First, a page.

The limestone slab under the Corrib is the source of the environmental objection to the eastern section of the GCOB.
I would rename loads of things after myself.
pg633 Square (formerly Eyre Square)
pg633 Station (formerly Ceannt Station)
pg633 Bridge (all the bridges in the city would be renamed with no distinction between them)
pg633 Promenade (formerly Salthill prom)
pg633 Street (formerly Williamsgate, Williams, Shop, High and Quay streets)
pg633 Arch (formerly Spanish Arch)
Besides that I would widen many of the roads in and around the city using the extra lanes as bus lanes.
I would also fill in Lough Atalia and create an urban park (pg633 Park)
I am already looking forward to the release of the new SimCity early next year.
Not a light rail, but an electric bus sytem. It works remarkably well in cities similar to galway. Instead of the rail, you just need the wires on the main roads wich the busses can connect to, and the busses have batteries to maneuver in the city center. silent, economical and very (realtively) easy to set up.
I would take the land by the docks where the oil tanks were (now the fair ground) and build an amphetheater for concerts/shows/plays and possibility of a drive in movie theater.
The the docks would be given a second lock gate to allow consant moving of boats in and out, but prevent the ships from coming in. Build the new qauy outside as planned for them. the dock area can then be turned into a cafe/restaurante area.
Cycle lanes from all the major suburbs into the city.
A secure bicycle lock up area.
A 5,000 fine for people that sneak down the inside line by the docks and then squeeze in by the traffic lights and the half built cinema.
Favourable rates to small, local retailers on the high street to stop the Boots/mcDonalds/Accessorize march across the city.
Don't know where but an off road cycling lane that people can bring their kids 10k or so.
10,000 fine for muppets that cycle on the pavement... particulary when there are all those cycle lane (see point 1). If you're on your second set of teeth, you shouldn't be on the pavement.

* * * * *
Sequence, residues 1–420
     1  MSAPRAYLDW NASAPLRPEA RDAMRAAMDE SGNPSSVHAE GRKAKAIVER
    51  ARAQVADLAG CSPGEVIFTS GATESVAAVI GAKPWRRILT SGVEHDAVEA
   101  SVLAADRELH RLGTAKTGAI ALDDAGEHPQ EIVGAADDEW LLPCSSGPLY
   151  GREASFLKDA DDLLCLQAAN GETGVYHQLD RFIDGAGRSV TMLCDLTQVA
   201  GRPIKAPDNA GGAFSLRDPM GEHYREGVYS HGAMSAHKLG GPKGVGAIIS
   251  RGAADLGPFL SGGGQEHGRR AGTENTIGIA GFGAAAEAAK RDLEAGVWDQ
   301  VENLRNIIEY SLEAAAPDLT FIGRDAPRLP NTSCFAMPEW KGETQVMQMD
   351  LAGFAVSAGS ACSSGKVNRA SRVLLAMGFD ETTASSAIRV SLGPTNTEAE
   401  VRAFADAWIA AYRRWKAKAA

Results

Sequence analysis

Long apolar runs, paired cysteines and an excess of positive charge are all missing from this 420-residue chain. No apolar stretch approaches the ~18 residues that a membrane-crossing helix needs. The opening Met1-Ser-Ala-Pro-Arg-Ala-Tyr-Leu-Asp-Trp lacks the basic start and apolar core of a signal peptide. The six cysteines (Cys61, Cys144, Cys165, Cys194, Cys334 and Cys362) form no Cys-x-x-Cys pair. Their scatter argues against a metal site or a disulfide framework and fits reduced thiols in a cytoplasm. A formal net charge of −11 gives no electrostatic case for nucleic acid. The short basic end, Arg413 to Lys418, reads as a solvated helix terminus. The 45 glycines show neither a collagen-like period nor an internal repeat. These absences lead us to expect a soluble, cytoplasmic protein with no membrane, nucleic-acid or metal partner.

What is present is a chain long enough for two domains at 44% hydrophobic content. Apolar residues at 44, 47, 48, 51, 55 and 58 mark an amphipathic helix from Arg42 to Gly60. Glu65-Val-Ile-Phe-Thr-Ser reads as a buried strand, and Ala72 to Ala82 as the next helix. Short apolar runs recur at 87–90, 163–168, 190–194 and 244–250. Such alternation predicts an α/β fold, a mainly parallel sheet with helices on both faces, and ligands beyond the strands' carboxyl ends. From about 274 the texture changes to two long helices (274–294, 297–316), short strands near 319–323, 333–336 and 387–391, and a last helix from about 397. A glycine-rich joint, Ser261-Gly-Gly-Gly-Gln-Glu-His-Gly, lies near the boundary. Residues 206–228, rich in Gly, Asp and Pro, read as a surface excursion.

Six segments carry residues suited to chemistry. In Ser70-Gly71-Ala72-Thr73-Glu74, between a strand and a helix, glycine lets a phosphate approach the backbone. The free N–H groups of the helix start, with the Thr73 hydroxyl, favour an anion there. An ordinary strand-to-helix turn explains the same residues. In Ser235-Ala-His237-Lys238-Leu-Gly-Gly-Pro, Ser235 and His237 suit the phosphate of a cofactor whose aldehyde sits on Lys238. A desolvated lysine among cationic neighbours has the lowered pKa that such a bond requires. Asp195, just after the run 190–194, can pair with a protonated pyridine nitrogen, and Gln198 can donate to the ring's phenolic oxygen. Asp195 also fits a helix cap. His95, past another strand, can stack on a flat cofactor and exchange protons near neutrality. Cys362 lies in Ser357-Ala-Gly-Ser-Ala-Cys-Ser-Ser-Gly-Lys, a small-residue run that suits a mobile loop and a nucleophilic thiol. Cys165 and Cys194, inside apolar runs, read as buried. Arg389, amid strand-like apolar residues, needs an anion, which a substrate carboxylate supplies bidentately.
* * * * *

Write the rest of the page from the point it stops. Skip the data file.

Please don't use this thread to get around the general traffic discussion ban.
This is true and there is a similar concern to preserve similar karst habitats on the outskirts of the city. Attempts to conflate these concerns for a surface habitat with an attempt to preserve the bedrock are, in my view, wholly mischevious and disingenuous.
AFAIK, this isn't correct. The Habitats Directive says nothing about sub-surface bedrock as a habitat. The surface limestone is only unique due to its karstic erosion texture and the diverse ecology that this sustains (some nice exposures out in Menlo). The limestone bedrock that's under the eastern part of the city is present under over 80% of the country and is not unique or protected, except in the case of critical water source aquifers but that's a different matter. There's also protection for geologically unique surface type sites or old mines but again that's not the case here.
aaanyways, back on topic.... would love to see the canals\tailraces\watercourses in the city recognised as the unique features in Ireland that they are, eg would love the swing bridges over the Eglington canal reinstated to allow barge traffic up into the lake, maybe boardwalks along some currently inaccessible sections (yeah, yeah, bush drinking vandalism concerns aside...), maybe get in a Dutch planner for a few years!
oh, and would love if they enact the current Development Pan objective of a greenway along the old Clifden line, if the land legal issues could be reasonably negotiated
...and a footpath\cycleway out from the city to Barna and beyond...
...and a hovercraft over to Clare!
Erm, I genuinely wasn't aiming for that, the post genuinely outlines a couple of things that I think would bring a very positive change to the city. But I know the topics have been done to death!
It's part (not all) of the issue and is mentioned in the ABP report on the road plan.
Edit - take a look at page 14 of the ABP inspectors report, the "limestone pavement" is clearly mentioned as being of concern.
take down the plastic and glass, and stick to the authentic stone of the area.
And use more traditional hand made wood signage.
also, send the bright spark who decided to head to china for paving into the shame slammer, and instead get some authentic Irish paving for the buckled up shop street roadways.
The limestone pavement is the bit on the top with the plants growing on it. The bedrock is the layers of rock underneath the surface.
I would love this. Unfortunately, we are going in the wrong direction especially with the new bridge on fisheries field being built.
Yep same theme undo the messing at Eyre Square - restore the cast iron railings etc.